4. The tax on transfer of property in goods (whether as goods or in some other form) involved in the execution of a works contract failing within the ambit of article 36(29-A) is leviable on the goods involved in the execution of a works contract and the value of the goods which are involved in the execution of works contract would constitute the measure for imposition of the tax.

5. In order to determine the value of the goods which are involved in the exaction of a works contract for the purpose of levying the tax referred to in article 366(29-A)(b), it is permissible to take the Value of the works contract as the basis and the Value of the goods involved in the execution of the works contract can be arrived at by deducting expenses incurred by the contractor for providing labour and other services from the Value of the works contract.

6. The charges for labour and services which are required to be deducted from the value of the works contract would cover (i) labour charges for execution of the works, (ii) amount paid to a sub-contractor for labour and services, (iii) charges for obtaining on hire or otherwise machinery and tools used for execution of the works contract, (iv) charges for planning, designing and architect’s fees, and (V) cost of consumables used in the execution of the works contract, (vi) cost of establishment of the contractor to the extent it is relatable to supply of labour and services, (vii) other similar expense relatable to supply of labour and services, and (vii) profit earned by the contract to the extent it is relatable to supply of labour and services.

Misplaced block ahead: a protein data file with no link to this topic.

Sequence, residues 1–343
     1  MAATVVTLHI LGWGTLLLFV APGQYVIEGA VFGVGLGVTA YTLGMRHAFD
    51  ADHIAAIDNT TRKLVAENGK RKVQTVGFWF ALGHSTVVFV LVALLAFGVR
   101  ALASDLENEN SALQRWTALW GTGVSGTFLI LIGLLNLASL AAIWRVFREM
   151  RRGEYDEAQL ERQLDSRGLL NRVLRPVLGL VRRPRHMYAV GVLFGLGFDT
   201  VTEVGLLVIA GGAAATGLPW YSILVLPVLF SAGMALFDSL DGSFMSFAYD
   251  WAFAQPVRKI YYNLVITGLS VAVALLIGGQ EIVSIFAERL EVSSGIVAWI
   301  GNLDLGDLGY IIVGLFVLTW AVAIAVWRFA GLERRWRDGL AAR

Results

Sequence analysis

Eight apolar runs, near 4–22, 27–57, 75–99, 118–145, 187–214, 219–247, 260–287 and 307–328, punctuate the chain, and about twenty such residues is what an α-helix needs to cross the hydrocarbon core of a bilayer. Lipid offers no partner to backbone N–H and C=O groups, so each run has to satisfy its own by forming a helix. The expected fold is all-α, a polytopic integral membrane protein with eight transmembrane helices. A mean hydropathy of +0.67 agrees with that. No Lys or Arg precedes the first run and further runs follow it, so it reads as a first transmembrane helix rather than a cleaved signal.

7. To deal with cases where the contractor does not maintain proper amounts or the account books produced by him are not found worthy of credence by the assessing authority the Legislature may prescribe a formula for deduction of cost of labour and services on the basis of a percentage of the value of the works contract but while doing so it has to be ensured that the amount deductible under such formula does not differ appreciably from the expenses for labour and services that would incurred in normal circumstances in respect of that particular type of works contract. It would be permissible for the Legislature to prescribe varying scales for deduction on account of cost of labour and services for various types of works contract.